Home Video Smiling Over Universal Jackal Snafu

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Pay-per-view executives have estimated that Universal
Studios' debacle involving The Jackal may have cost the industry upward of $1
million. The studio's last-minute decision to move back the premiere of the movie by
two weeks forced operators to spend money to change barker-channel messages, to alter
ordering and billing procedures and to train CSRs on how to handle calls from confused
subscribers -- not to mention costing them potential revenue from the action title, which
pulled in $55 million at the box office.

But as much as operators were fuming at the studio for
making a critical scheduling mistake, they probably should look in the mirror and shoulder
some of the blame for their losses in this situation. If the PPV-movie business was
generating revenues anywhere close to those of the home-video industry, it might have been
able to maintain The Jackal's initial premiere date, despite Universal's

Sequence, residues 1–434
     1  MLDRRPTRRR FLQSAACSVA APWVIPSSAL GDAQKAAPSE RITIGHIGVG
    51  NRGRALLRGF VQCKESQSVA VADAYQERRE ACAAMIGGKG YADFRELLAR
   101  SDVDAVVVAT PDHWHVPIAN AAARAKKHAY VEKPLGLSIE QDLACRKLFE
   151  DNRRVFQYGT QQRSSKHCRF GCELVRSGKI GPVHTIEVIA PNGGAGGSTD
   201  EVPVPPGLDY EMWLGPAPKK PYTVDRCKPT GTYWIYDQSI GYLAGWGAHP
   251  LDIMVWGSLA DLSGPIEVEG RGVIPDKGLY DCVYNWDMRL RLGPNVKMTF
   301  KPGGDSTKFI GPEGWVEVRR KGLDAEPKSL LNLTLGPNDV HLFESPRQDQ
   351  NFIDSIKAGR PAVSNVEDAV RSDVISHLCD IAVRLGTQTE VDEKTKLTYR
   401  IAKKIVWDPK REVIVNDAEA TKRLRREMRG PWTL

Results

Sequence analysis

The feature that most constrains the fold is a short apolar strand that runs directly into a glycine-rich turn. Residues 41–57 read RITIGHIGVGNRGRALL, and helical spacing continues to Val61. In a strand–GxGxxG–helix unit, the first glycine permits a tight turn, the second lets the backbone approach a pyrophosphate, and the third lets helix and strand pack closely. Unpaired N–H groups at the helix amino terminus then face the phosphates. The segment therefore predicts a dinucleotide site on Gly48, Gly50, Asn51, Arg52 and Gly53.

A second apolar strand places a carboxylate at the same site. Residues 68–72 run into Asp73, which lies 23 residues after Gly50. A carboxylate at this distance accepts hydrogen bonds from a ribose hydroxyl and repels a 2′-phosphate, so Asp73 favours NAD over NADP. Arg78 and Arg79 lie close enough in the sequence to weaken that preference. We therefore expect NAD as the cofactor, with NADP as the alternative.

error.

When the scheduling mistake was realized, it's not
unrealistic to assume that the home-video retailers were upset at possibly losing shelf
time for the movie before it moved on to PPV. While Universal executives refused to talk
about the situation, industry sources said the home-video industry, which has been looking
for any excuse to advance its unrealistic fear of shorter PPV windows, threw its $8
billion movie-rental-revenue weight around and influenced Universal to extend the PPV
window, rather than shortening it and risking the loss of significant rental revenue.

Universal, knowing that moving the film's PPV-debut
date back two weeks with such short notice would cause havoc among operators, nevertheless
was forced to choose between hurting the wounded, but still substantial, video-rental
business, or the meek PPV-movie business. It doesn't take an economics professor to
know which way the studio was forced to turn.

But had the $600 million PPV-movie business even come close
to matching the revenue take of home video, maybe Universal would have had some muscle to
repel the home-video industry. Instead, home video seemingly won the battle.

Fortunately, more and more operators are rolling out
digital boxes and offering near-video-on-demand movies, and early revenue results are
encouraging. The Universal situation was a very rare occurrence. But if PPV should ever
find itself in a similar situation in the near future, hopefully, the industry will have
enough economic muscle to make the other side suffer.

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